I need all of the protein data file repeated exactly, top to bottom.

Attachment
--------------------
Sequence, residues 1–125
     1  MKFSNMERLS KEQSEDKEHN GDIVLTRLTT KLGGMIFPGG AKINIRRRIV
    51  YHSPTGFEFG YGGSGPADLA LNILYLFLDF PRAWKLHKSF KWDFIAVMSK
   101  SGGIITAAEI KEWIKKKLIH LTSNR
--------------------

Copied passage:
Sequence, residues 1–125
     1  MKFSNMERLS KEQSEDKEHN GDIVLTRLTT KLGGMIFPGG AKINIRRRIV
    51  YHSPTGFEFG YGGSGPADLA LNILYLFLDF PRAWKLHKSF KWDFIAVMSK
   101  SGGIITAAEI KEWIKKKLIH LTSNR